Early Christian authors noted similarities between Mithraic practices and Christian rituals, but took an extremely negative view of Mithraism: they interpreted Mithraic rituals as evil copies of Christian ones. In the second century, Justin Martyr contrasted Mithraic initiation communion with the Eucharist:
Wherefore also the evil demons in mimicry have handed down that the same thing should be done in the Mysteries of Mithras. For that bread and a cup of water are in these mysteries set before the initiate with certain speeches you either know or can learn.
Tertullian then wrote that as a prelude to the Mithraic initiation ceremony, the initiate was given a ritual bath and at the end of the ceremony, received a mark on the forehead. He described these rites as a diabolical counterfeit of the baptism and chrismation of Christians.
Early in the 20th century, Gerald Massey argued that there are similarities between the Egyptian god Horus and Jesus. Following those ideas, in the 1940s Alvin Boyd Kuhn suggested that not only Christianity, but Judaism was based on Egyptian concepts, and more recently Tom Harpur (a former Anglican priest who explained in his book The Pagan Christ that he believes in a spiritual Christ, but doubts that a historical Jesus existed) has expressed similar views. Harpur acknowledges Massey and Kuhn as his intellectual predecessors and theologian Stanley E. Porter states that most of Harpur's work is directly based on quoting Massey and Kuhn.
Porter has pointed out that Massey and Kuhn's analogies include a number of errors, e.g. Massey stated that December 25 as the date of birth of Jesus was selected based on the birth of Horus, but the New Testament does not include any reference to the date or season of the birth of Jesus. The earliest known source recognizing the 25th of December as the date of birth of Jesus is by Hippolytus of Rome, written around the beginning of the 3rd century, based on the assumption that the conception of Jesus took place at the Spring equinox. Hippolytus placed the equinox on March 25 and then added 9 months to get December 25, thus establishing the date for festivals. The Roman Chronography of 354 then included an early reference to the celebration of a Nativity feast in December, as of the fourth century.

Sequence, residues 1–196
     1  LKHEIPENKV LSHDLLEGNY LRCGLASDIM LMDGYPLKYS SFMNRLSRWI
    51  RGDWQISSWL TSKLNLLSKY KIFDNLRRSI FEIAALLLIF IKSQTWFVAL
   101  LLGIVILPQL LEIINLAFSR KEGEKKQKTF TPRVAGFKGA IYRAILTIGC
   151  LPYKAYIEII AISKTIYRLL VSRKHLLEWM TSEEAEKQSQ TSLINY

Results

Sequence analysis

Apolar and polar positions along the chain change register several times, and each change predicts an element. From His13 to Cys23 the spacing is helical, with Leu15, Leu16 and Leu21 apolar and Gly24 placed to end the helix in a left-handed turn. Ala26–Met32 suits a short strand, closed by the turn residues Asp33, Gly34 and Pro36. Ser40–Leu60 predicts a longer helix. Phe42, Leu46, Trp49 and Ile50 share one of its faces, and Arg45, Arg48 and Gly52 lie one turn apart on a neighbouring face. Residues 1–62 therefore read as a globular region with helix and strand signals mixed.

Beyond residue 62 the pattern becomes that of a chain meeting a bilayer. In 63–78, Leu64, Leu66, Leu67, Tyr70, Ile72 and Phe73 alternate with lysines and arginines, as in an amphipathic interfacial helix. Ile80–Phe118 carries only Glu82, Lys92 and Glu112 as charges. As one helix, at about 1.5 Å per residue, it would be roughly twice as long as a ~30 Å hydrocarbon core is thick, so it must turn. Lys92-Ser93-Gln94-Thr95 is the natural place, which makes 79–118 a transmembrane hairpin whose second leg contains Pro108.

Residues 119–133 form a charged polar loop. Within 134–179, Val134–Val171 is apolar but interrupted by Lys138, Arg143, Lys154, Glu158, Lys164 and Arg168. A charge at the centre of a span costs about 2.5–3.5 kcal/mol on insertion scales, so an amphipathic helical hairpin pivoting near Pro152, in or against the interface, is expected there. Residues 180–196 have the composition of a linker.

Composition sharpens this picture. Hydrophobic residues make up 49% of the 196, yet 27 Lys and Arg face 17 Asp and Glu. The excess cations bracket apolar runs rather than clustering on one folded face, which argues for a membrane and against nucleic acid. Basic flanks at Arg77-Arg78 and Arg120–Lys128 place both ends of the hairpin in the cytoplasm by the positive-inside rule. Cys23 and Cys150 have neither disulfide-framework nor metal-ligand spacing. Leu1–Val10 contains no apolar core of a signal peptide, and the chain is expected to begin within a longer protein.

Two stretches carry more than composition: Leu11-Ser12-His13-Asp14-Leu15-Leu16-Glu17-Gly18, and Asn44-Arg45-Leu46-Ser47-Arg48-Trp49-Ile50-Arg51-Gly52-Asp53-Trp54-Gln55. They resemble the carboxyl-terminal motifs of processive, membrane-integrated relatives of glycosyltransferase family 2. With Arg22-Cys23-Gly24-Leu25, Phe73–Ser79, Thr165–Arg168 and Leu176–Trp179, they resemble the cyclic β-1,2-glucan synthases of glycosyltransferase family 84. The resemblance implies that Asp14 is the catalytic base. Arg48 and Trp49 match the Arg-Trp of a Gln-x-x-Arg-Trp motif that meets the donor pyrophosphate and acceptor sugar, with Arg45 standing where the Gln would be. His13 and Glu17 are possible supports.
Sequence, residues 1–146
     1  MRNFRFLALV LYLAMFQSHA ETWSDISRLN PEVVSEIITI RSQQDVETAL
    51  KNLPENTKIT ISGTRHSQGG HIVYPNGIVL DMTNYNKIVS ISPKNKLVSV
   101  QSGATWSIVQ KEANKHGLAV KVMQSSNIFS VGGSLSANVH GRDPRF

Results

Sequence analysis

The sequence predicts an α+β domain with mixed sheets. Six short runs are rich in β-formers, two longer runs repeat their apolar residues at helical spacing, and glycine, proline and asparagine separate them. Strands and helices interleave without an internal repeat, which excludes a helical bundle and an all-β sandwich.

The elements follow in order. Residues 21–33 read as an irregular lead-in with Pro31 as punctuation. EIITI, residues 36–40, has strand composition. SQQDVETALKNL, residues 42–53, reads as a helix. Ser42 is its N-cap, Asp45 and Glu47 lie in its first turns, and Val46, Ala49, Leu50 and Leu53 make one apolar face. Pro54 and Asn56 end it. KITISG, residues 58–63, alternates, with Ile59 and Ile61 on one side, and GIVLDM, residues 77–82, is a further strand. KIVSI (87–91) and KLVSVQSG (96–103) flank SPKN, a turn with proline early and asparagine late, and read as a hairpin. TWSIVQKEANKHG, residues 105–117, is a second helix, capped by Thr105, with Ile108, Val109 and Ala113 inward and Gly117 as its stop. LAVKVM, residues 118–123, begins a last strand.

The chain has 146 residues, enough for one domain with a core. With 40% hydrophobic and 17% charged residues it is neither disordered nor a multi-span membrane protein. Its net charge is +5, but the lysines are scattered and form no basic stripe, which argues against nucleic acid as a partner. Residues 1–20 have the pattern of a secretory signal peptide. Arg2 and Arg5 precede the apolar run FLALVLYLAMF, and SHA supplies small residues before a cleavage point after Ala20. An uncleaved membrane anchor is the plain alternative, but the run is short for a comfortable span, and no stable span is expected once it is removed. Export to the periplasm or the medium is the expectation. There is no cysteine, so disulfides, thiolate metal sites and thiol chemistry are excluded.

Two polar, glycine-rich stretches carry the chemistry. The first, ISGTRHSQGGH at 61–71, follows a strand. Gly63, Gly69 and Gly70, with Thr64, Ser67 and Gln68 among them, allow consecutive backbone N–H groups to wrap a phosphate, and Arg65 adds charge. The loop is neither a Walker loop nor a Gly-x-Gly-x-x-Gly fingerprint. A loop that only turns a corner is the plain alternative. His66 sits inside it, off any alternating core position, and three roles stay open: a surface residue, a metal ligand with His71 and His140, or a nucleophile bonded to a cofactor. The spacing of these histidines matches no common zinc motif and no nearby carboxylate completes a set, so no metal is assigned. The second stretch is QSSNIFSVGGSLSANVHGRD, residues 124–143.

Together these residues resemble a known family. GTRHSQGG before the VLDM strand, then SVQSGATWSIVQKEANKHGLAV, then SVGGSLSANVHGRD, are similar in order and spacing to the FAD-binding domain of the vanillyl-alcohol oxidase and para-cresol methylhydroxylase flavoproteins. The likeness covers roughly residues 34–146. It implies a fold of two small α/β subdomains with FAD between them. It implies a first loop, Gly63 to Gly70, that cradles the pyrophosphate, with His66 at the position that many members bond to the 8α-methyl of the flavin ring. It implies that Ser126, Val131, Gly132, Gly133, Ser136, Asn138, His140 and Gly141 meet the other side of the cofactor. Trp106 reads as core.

Porter states that Massey's serious historical errors often render his works nonsensical, e.g. Massey states that the biblical references to Herod the Great were based on the myth of "Herrut" the evil hydra serpent, while the existence of Herod the Great can be well established without reliance on Christian sources.
Harpur has noted that Kuhn had expected his ideas to have a Darwin-like impact on religious studies, but that has not happened and Kuhn's concepts are generally ignored or rejected. Porter criticizes Kuhn's work based on various errors such as confusing the dates of the composition of the Mishnah and the Babylonian Talmud when drawing conclusions. Porter also criticizes Harpur's views (which are often based on Kuhn) for their lack of rigor and consistency.
The Egyptians had specific harvesting rituals that related the rising and receding waters of the Nile river and the farming cycle to the death and resurrection of Osiris. The cutting down of barley and wheat was related to the death of Osiris, while the sprouting of shoots was thought to be based on the power of Osiris to resurrect the farmland.
Osiris-beds were common in ancient Egypt and were clay representations of a dead Osiris which when watered would sprout shoots in the spring, thus representing his power to control nature even after his death.
Christ myth theory proponent G. A. Wells still sees an analogy with the Resurrection of Jesus in the Pauline epistles and Osiris, in that Osiris dies and is mourned on the first day and that his resurrection is celebrated on the third day with the joyful cry "Osiris has been found". However, since changing his position on the historicity of Jesus, Wells now states that the personage mentioned in the Q source is not all mythical and is "not to be identified with the dying and rising Christ of the early epistles". David J. MacLeod states that the Osiris legend is very different from the resurrection of Jesus in that "Osiris did not rise; he ruled in the abode of the dead."
Biblical scholar Bruce M. Metzger does not see a direct analogy and notes that in one account of the Osirian cycle he dies on the 17th of the month of Athyr (approximating to a month between October 28 and November 26 in modern calendars), is revivified on the 19th and compares this to Christ rising on the "third day" but thinks "resurrection" is a questionable description. A. J. M. Wedderburn states that resurrection in Ancient Egypt differs from the Judaeo-Christian tradition, as the Ancient Egyptians conceived of the afterlife as entry into the kingdom of Osiris. Marvin Mayer notes that some scholars regard the idea of dying and rising deities in the mystery religions as being fanciful but suggests this may be motivated by apologetic concerns, attempting to keep Christ's resurrection as a unique event.